On Thursday evening at Symphony Hall, the Atlanta Symphony Orchestra performed a concert of all-Russian music by Shostakovich, Medtner and Tchaikovsky, led by guest conductor Michael Stern with pianist Marc-André Hamelin as featured guest soloist. The program will be repeated in its entirety on Saturday night. The ASO will also perform one of its shorter, early-evening “Casual Fridays” concerts tonight at 6:30 p.m. without Hamelin, which will include only the orchestral works by Shostakovich and Tchaikovsky.
Conductor Michael Stern, who is the music director of the Kansas City Symphony and the founding artistic director of the IRIS Orchestra, opened the concert with a bona fide curtain-raiser: “Festive Overture” by Dmitri Shostakovich. Written in 1954, the brief, six-minute work has only been performed in ASO subscription concerts once before, in 1983, under the baton of the composer’s son, conductor Maxim Shostakovich. Nevertheless, it is a fairly well-known work in the U.S., if only due to being more frequently performed in an effective transcription for wind band by Donald Hunsberger.
“Festive Overture” lived up to its name in Thursday’s concert. The noble opening brass fanfares, in a broad triple meter, had the right pace and breadth, although the ensuing main body of the work felt a little too rushed, and some restraint of tempo on the part of Stern would have benefited the performance overall. Once the fanfares returned near the end, they were followed by a fast coda, which was taken at an appropriate clip that brought the energetic work to a rousingly celebrative conclusion.
Preeminent pianist Marc-André Hamelin had last been scheduled to perform with the ASO in May of 2013, but became indisposed at the last minute, replaced by Inon Barnatan who made his ASO debut in those concerts. Hamelin is known not only for his prodigious abilities but also for his courageous adventurousness as a performer.
Both attributes were on display in the unfamiliar work he brought to this week’s concerts: the Concerto for Piano and Orchestra No. 2 in C minor, Opus 50, by Nikolai Medtner, which Medtner started in 1926 and completed a year later. Medtner is hardly a household name, but his work has been championed by a handful of pianists in addition to Hamelin, including Earl Wild. After all, Medtner was himself reputed to be a fine pianist, though he chose to pursue his musical career as a composer rather than performer. He was a contemporary of composer-pianists Sergei Rachmaninoff and Alexander Scriabin, though a few years younger than either. There was certainly a reciprocal admiration between Medtner and Rachmaninoff, to whom Medtner’s Second Piano Concerto was dedicated.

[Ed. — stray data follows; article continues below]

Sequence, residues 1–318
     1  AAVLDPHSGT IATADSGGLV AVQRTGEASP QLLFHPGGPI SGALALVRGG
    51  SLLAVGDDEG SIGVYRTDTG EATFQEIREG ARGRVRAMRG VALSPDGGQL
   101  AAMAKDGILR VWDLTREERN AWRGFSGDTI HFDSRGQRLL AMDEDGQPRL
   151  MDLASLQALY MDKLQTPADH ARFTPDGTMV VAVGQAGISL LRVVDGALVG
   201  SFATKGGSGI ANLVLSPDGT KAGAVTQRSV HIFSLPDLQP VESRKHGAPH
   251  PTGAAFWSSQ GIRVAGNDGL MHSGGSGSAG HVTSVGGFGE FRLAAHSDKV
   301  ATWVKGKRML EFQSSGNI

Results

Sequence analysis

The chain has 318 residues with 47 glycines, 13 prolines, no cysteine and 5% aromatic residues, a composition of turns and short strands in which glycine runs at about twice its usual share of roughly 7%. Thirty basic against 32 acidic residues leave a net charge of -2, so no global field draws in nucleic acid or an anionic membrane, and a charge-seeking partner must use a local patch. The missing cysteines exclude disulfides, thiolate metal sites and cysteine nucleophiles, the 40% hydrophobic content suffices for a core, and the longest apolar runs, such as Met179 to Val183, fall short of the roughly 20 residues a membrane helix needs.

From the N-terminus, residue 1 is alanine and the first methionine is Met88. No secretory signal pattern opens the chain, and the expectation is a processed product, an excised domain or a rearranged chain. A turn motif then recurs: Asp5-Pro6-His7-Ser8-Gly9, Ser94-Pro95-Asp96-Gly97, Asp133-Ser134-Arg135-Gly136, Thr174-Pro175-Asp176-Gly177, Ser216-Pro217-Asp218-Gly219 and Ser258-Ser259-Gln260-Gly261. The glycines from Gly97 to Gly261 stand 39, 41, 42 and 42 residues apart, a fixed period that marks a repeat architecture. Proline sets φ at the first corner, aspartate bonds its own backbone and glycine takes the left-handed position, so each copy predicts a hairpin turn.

This piano concerto’s quirky, syncopated opening in the solo piano part, a rhythm echoed immediately in the violins, was of itself interesting, even if it seemed like Stern and Hamelin were not entirely in sync throughout the performance. The piece itself felt mostly episodic, even clichéd at many points across its span — it is a curious musical work, which, while certainly of pianistic interest to the soloist, makes clear of its own accord why it doesn’t get programmed often. There are better vehicles in a similar vein that simply hang together in a more direct way.
Even so, Hamelin played it well, at his best and most natural in segments when playing unaccompanied or mostly so, such as the cadenza in the first movement, and thus most freely at home with his own muse. As an unfamiliar work, it felt like the orchestral part could have used a larger share of available rehearsal time; even so, the ASO musicians hung together well for the work’s duration. Hamelin did not play an encore.
The second half of the concert was devoted to a work of exceptional familiarity, Pyotr Ilyich Tchaikovsky’s Symphony No. 4 in F minor, Op. 36 — one of the essential works of late 19th-century orchestral repertoire. The ASO last played it in late March 2015 with music director Robert Spano conducting.
The symphony’s brooding “program” is perhaps overemphasized versus its purely musical qualities, but Tchaikovsky’s own overall heavy-toned description is emphasized by the opening “Fate” fanfare, which returns in the last movement as a kind of structural marker to help tie the whole 45-minute work together. The Scherzo that is the third movement, with its extensive pizzicato in the strings and more whimsical demeanor, offered up some welcome contrast. The finale restored the seriousness, concluding the emphatic final section that brought the entire piece to roaring closure.